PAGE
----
“In death there are no accidents, no coincidences, no mishaps, and no escapes.”
The Scoop: 2000 R, directed by James Wong and starring Devon Sawa, Ali Larter and Seann William Scott
Tagline: Can You Cheat Death?
Summary Capsule: Survivors of a doomed flight find themselves playing hide-n-go-seek with the Grim Reaper.
Justin’s rating: Why fly when you can crawl close to the ground?
Justin’s review: For my money, the first 20 minutes of Final Destination is a collection of about the most gut-wrenching scenes ever committed to film. Since the trailers give it away, I guess it’s no major spoiler to tell you that an airline flight, carrying (among others) 46 members of a high school class on their way to France, explodes on takeoff.
Due to a series of premonitions and visions, our hero deboards right before the incident, dragging a few others along with him. I think that actually knowing that this is going to happen in the movie makes it all the more terrifying. It doesn’t matter what you yell at the screen, these people are going to die. Very spooky, and hard not to put yourself in their shoes. When Alex goes screaming from the plane, trying to warn everyone with no one really listening, it personifies every nightmare I’ve ever had of being unable to stop something bad from happening. I personally have a nice fear of both flying and falling, so this would not be in my top 20 ways to die (coming soon to an article near you!).
The rest of this movie is hit-or-miss. It’s a novel idea to have a horror film where the stalker is an always-invisible Death. This works (since it forces the filmmakers to cast aside the normal methods of offing the teen spirit) and doesn’t work. Exactly how do they fight Death, which they can never see? They can’t! They come up with this weird “death by the numbers” routine that makes less sense every time a character brings it up. So, in a way, this whole novel idea makes the movie pointless. They’re going to die, whoopee, there’s a certain level of futility involved in trying to prevent that.
So once you reach that pessimistic conclusion, you’re in a much better position to enjoy what Final Destination has to offer. Namely, a modern morbid version of the game Mouse Trap. You remember that game? You move around on a board that has this elaborate mouse trap set up: the ball knocks over the tub, which hits the hammer, which drops the line, which… well, you know what I’m talking about. Death sets up these human mouse traps involving all manner of water and electrocution and knives and hanging and trains and whatnot. Very fun to see the setup of these scenes, as they get you to think that “Aha! They’re going to die by nose clippers!” and your expectations are demolished as they die by dog poisoning. Or something else, I’m not going to ruin it for you!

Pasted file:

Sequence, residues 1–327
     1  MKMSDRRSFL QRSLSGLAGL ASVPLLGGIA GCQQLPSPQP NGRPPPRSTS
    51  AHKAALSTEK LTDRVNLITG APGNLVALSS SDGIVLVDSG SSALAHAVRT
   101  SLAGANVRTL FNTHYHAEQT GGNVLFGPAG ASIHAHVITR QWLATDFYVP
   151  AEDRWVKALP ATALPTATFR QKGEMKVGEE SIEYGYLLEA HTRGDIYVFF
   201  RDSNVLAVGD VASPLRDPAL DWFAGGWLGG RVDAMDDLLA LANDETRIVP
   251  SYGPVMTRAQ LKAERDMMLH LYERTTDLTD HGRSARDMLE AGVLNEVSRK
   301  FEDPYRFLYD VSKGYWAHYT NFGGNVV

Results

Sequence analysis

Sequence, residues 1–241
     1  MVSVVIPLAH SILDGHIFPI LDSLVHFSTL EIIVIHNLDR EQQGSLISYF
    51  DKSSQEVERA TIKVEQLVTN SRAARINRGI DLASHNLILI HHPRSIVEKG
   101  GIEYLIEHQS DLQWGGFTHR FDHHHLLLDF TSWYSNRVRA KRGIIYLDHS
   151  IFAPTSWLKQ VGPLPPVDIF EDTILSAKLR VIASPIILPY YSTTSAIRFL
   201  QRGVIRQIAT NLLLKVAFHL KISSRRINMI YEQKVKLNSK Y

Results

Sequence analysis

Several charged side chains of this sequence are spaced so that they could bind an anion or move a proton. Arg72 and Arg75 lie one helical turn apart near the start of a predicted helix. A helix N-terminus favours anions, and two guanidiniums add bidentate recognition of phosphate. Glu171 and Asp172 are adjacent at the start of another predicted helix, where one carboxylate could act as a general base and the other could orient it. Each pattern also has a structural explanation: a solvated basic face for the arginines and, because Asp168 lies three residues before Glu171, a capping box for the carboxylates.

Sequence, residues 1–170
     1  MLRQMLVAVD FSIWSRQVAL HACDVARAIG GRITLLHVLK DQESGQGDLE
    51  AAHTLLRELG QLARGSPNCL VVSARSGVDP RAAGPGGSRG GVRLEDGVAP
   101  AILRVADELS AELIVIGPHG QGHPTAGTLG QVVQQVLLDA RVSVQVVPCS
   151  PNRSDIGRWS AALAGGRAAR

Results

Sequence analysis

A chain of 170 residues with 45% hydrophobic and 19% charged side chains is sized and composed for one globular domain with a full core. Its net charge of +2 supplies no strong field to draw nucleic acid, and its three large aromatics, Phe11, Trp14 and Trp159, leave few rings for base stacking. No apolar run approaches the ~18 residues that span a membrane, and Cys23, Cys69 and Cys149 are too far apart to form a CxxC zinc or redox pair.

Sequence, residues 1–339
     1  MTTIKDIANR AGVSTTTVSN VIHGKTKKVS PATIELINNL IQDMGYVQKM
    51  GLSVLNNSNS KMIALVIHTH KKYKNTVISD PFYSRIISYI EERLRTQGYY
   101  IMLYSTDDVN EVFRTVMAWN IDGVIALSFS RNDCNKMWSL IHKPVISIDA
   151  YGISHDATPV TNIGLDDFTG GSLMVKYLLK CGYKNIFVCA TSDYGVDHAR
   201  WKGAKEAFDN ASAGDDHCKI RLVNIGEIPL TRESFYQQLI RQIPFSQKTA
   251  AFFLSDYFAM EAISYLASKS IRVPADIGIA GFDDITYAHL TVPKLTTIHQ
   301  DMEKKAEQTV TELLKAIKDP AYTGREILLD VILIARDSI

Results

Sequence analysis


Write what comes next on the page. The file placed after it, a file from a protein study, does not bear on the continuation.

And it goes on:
But no matter how much Final Destination tries to get away from horror staples, at least the parents are still their typical uncaring, unknowing, totally naive selves when it comes to their kids in trouble. I’d love to see a horror film where the parents would not only instantly believe their children when they come to them for help, but also get armed to the teeth and beat up the antagonist on sight. Hmmm…. coming soon from Mutant Film Studios!
Timmy: Mom! Dad! The killer is right outside the window of my bedroom!
Dad: Okay, son, we’ll take care of this. Dora, fetch me my boomstick!
Mom: Lock ‘n load, Fred. Son, we better place you in the Witness Protection Program, stat.
DnaError’s rating: Death stalks pretty white kids with problems.
DnaError’s review: Before this review even starts, I have to take issue with something. The male French teacher and his cruel mockery of the human form. His pillow-top face and odd, discomforting grin, set against a small head and rubber neck, all dangling from a grotesque egg-shaped body. Odd. Eerie. Okay, back to the movie.
Final Destination is a cross between the “Cute White Kids Get Killed” genre and the “Pot-Induced Concept” genre. The “hero” Alex, with his doe-eyes and wispy body, throws a wrench into Death’s plans for the Cute Kids, and then spends the rest of the movie trying to dodge death at every turn. I’m just trying to see this from Death’s point of view, trying to do his job and ensure the natural order of things and some plucky gang of cute teens confounding him at very turn. Death hasn’t gone through this much stress since Bill and Ted’s Bogus Journey.